Tuesday, January 20, 1998

Weaver's Needle

January 20, 1998 © Thomas J. Kollenborn. All Rights Reserved. 

Southeast of First Water Trailhead lies a prominent landmark known throughout Lost Dutchman Mine lore. This landmark is Weaver’s Needle. This towering spire of rock rises to an elevation of 4,553 feet above sea level. Historians claim the “needle” was named after frontier scout, mountain man, prospector and trapper Paulino Weaver. The name, which appears on this landmark today, first appeared on maps around 1853. Weaver’s Needle has been known by other names such as Needle Rock, Statue Mountain and Picacho Peak.

Most maps which make reference to the Lost Dutchman Mine mention the “needle” in some way. This dominating feature is the focal point of the map. Many tales include words like “look for the pointed peak” or “the mine is located within a two mile radius of the needle rock.”

The geology of Weaver’s Needle appears to have confused many so-called geologist[s] over the years. Most of these individuals have referred to the “needle” as a volcanic plug. In reality this is not the case. Weaver’s Needle is an erosional remnant. There is adequate geological evidence to bear this out.

A volcanic plug is nothing more than the remains of a volcanic conduit. A conduit is that part of the volcano which transports the magma to the earth’s surface. When a volcano ceases to be active, the magma in the conduit solidifies, forming rock which is usually consistent and much more resistant to erosion than the material surrounding the conduit. A volcano plug is always quite consistent in the type of rock that is formed after the cessation of an eruption. This process is then followed by thousands or perhaps millions of years of erosion. The results of this erosional process leaves a volcanic plug exposed to the atmosphere.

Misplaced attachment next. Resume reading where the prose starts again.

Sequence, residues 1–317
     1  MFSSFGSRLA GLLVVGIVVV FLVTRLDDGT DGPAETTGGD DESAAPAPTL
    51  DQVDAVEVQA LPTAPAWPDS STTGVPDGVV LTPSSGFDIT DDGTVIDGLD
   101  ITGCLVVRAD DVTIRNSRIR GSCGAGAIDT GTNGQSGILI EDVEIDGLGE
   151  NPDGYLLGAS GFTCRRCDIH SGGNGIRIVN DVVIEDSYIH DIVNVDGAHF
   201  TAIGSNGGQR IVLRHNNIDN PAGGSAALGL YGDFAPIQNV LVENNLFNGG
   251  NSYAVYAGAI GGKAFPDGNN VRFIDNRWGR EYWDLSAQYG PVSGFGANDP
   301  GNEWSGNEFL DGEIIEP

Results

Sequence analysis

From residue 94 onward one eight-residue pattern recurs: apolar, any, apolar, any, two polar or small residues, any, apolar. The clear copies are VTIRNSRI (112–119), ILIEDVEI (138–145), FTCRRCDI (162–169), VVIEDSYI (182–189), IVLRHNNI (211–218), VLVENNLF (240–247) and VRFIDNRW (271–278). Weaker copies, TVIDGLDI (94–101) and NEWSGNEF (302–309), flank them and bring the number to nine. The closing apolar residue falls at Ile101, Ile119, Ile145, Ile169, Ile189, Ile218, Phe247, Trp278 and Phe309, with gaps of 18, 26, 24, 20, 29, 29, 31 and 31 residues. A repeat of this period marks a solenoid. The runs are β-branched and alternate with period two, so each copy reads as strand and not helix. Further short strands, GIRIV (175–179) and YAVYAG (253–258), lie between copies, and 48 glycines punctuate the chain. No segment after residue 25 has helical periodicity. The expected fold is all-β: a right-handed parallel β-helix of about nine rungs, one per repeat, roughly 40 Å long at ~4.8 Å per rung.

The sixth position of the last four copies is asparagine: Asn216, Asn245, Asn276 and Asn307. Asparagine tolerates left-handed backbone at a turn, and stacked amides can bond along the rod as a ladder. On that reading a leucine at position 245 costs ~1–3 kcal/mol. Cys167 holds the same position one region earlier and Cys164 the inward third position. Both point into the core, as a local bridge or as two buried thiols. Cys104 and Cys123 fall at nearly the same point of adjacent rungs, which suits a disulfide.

There are two major characteristics which eliminate Weaver’s Needle from being a volcanic plug. One, the layers exposed near the base of the needle are alternating layers of ash and basalt, extrusive volcanics. Secondly, the faulting associated with the needle provides a clear-cut view of the alternating layers of basalt and ash. If Weaver’s Needle was indeed a volcanic plug, then there would be no alternating layers of ash and basalt. Ash is an eruptive pyroclastic which was ejected from a crater, vent, crack or cone during a volcanic eruption. If the needle was a plug there would be no indication of that layering. Most prospectors want to believe the needle is a volcanic plug because plugs are sometimes associated with rich mineralization.

During the 1950s such individuals as Edgar Piper, Maria Jones and many others made their home near the base of Weaver’s Needle. Their fascination for this rugged peak captured the imagination of the nation in documentaries and newspapers. These prospectors left quite a legacy behind.

Weaver’s Needle continues to fascinate men and women with its beauty and the towering spire of its façade. This landmark dominates the region east of Superstition Mountain. Those who have camped or slept in the shadows of the “needle” have been awed by the wilderness spirit.